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Stone Street Brooklyn Roast Coffee

A Strong Cup of Coffee

When it comes to coffee, you will often hear people request a strong cup. Typically, when people refer to a type of coffee strength, they assume it refers to how the coffee is roasted: light roast, medium roast, or dark roast. However, it might surprise you to discover that the type of coffee roast does not determine the coffee strength; the brewing process does. 

Coffee Strength in Numbers

Coffee strength is developed during the brewing process. This is excellent news, especially for those that brew any type of coffee at home, because you are in charge of how strong or weak your coffee is each day. With this knowledge, you now know that you are in control of how your day begins, and that is a glorious power to hold.

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We’re going to get technical here for a minute to break down how coffee strength is determined in different types of coffees. We measure coffee strength using the unit Total Dissolved Solids (TDS) in percentages. Total Dissolved Solids will indicate how concentrated or watery the coffee is. The more concentrated the coffee, the stronger the cup, the waterier the coffee, the weaker. The amount of dissolved compounds in a cup of coffee equals the Total Dissolved Solids measurement, which then gives us our coffee strength.

Coffee strength, much like coffee flavor, will be up to your taste buds. When brewing coffee at home, you allow yourself the luxury of trial and error to determine the ideal coffee strength and if you want to extract more or less in the future. 

Measuring Strength at Home

You can absolutely measure the exact strength of your coffee at home if you are willing to spend the money, but for those who love to explore and play, it is worth the investment. The tool for measuring coffee strength is called a refractometer, and it’s used to measure the water content of liquids.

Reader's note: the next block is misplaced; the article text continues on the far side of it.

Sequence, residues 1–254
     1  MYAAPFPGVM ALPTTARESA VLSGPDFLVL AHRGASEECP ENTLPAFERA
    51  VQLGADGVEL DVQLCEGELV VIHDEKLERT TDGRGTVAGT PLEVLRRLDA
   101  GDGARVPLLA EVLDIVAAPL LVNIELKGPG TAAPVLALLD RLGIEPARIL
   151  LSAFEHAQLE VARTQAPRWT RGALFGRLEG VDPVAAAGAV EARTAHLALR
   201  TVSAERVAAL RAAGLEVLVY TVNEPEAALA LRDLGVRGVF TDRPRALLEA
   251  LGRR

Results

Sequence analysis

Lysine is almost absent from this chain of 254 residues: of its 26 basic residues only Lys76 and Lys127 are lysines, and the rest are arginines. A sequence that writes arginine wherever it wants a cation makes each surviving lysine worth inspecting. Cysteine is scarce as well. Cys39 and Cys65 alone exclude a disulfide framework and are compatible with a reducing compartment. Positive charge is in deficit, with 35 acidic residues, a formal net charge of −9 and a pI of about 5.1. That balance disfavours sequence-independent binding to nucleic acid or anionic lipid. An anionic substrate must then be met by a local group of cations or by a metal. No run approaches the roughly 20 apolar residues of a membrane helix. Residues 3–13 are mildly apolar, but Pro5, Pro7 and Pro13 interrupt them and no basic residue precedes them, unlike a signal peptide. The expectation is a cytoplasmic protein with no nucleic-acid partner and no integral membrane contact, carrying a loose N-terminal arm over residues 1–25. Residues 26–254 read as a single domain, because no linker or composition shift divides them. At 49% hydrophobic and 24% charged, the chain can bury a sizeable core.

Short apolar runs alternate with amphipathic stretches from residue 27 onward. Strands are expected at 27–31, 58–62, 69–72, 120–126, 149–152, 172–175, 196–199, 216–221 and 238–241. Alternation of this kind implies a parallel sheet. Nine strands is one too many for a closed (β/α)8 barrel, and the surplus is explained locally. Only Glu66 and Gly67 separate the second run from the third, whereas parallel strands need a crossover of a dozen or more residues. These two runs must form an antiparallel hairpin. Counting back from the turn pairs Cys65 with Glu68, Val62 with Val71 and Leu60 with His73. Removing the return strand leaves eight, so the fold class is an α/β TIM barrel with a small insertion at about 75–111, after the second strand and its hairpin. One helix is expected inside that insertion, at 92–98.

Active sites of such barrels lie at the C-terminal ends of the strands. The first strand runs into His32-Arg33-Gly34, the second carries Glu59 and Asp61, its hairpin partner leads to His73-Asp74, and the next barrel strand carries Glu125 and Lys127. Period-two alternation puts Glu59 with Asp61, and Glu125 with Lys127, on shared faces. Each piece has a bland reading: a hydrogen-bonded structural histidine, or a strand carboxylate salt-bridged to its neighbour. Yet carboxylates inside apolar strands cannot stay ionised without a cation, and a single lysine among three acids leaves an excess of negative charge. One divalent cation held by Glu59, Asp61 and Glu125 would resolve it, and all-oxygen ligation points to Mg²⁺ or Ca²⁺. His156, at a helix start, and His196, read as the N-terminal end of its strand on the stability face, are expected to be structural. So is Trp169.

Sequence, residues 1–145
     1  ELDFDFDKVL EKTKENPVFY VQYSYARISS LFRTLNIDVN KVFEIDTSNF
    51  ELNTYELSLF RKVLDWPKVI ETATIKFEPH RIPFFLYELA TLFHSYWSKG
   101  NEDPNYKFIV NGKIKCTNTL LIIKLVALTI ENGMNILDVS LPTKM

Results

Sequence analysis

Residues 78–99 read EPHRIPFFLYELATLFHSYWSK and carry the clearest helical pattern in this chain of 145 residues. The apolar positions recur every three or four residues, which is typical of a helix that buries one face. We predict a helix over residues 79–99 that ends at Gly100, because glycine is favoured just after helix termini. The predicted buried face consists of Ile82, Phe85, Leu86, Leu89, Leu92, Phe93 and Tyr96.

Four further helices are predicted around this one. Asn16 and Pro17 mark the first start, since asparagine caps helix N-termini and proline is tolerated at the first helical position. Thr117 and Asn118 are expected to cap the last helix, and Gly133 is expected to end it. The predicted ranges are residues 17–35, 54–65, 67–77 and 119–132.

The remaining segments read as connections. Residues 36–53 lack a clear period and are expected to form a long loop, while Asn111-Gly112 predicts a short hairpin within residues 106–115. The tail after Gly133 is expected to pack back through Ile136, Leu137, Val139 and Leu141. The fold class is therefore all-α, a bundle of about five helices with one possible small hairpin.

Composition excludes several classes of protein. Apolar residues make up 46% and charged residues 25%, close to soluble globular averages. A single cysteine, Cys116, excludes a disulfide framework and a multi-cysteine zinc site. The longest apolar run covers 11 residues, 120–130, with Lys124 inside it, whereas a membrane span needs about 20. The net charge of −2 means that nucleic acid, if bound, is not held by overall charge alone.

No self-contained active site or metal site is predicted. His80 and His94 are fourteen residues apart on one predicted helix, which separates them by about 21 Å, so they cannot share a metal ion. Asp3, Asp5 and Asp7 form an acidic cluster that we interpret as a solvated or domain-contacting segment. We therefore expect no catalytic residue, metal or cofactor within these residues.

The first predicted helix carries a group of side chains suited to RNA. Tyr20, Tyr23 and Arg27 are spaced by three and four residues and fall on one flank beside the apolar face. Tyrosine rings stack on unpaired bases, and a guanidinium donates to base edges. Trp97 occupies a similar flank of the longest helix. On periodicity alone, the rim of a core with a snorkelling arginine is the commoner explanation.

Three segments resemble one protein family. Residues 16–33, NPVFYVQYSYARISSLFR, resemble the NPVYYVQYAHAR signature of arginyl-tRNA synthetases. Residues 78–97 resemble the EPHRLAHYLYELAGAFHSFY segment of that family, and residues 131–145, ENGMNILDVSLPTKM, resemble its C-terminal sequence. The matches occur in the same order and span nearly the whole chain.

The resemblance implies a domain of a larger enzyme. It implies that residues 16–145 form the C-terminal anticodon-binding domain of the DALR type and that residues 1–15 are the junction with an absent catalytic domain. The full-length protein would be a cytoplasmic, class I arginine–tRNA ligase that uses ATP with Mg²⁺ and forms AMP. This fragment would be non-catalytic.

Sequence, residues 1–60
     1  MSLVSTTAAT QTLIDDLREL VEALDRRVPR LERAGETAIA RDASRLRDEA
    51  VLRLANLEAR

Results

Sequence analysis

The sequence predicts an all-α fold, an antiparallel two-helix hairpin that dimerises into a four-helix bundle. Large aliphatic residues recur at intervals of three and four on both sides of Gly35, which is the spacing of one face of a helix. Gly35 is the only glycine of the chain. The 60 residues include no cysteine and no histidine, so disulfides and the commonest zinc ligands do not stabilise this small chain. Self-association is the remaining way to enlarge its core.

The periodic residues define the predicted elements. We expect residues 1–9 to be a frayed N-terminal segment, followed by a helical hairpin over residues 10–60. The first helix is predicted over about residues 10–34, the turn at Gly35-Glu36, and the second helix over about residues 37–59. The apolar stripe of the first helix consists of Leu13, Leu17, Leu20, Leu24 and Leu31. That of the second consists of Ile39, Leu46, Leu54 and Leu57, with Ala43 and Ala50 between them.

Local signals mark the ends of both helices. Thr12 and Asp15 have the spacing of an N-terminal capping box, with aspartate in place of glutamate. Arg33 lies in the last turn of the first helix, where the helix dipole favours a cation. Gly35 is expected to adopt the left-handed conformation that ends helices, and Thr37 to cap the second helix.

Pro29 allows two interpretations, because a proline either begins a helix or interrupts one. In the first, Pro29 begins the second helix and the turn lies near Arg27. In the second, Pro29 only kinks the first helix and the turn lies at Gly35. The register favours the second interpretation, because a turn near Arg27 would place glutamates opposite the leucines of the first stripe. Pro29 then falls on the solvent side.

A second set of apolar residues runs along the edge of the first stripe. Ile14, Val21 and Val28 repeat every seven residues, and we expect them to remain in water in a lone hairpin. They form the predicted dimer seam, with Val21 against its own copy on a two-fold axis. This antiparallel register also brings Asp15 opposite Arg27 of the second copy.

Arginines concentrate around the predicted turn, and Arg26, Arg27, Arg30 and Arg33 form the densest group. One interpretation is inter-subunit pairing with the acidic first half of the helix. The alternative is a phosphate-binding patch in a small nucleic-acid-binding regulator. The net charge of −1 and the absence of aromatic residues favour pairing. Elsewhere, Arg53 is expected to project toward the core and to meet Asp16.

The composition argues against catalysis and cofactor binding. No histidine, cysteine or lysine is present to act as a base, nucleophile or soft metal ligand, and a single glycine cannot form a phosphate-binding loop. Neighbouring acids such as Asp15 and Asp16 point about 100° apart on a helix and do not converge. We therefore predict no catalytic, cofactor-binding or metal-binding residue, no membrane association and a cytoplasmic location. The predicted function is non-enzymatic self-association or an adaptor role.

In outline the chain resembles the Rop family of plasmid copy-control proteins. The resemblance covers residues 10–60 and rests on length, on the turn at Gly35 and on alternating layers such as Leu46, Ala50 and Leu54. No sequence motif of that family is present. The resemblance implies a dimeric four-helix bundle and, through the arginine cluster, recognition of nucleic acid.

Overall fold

Until recently, refractometers were used in laboratories to test the composition of gemstones and for medical purposes such as testing plasma levels. However, lovers of all types of coffee are always searching for ways to redefine and elevate the world of coffee and improve the overall culture. The coffee refractometer has a different design than the scientific refractometer, but using a medical device to boost your coffee game is an excellent way to redefine how we view coffee.

TDS Breakdown, the Ideal Total Dissolved Solids for Each Type of Coffee

The most popular brewing methods have similar TDS requirements, with the glaring exception being espresso. It makes perfect sense if you think about what constitutes a higher TDS level.

The espresso is a highly concentrated shot intended to give the coffee drinker an instant caffeine boost.

Stone Street's Rainforest Espresso
  • Pour Over - 1.2-1.5% TDS
  • Cold Brew - 1.4-1.6% TDS
  • French Press - 1.4-1.7% TDS
  • Espresso - 8-12% TDS 

Another way to look at TDS percentages is, for example, a standard pour-over coffee strength of 1.5% means the coffee itself is 98.5% water.

So, to determine the extraction percentage for the type of coffee, we would use the below formula:

Brewed coffee weight (grams) x TDS / Ground coffee weight (grams) = Extraction percentage

As mentioned above, the most crucial test for identifying the ideal TDS or extraction percentage for coffee strength is your personal taste preference. Using mathematical formulas to determine the extraction percentage takes something that seems arbitrary, like the taste, and gives it a literal value. 

Coffee Extraction:

Total Dissolved Solids is how we measure the concentration of different types of coffee. But what is the method to reach the Total Dissolved Solids? Extraction. Extraction is the action of hot or cold water being poured over ground coffee beans. When water is poured over ground coffee beans, caffeine, carbohydrates, acids, lipids, and other beneficial compounds are literally extracted from the coffee beans. The extraction process is how coffee strength is determined.

The formula for coffee extraction is:

Extraction Yield % = Brewed Coffee (g) x TDS (%) / Dose (g)

Extraction, in simpler terms, is the brewing process. The brewing process for cold brew is significantly different than that of espresso or pour-over in the same way the coffee strength of each of these is different. Not only does the water temperature vary, but the brewing and extraction time is wildly different for each type of coffee.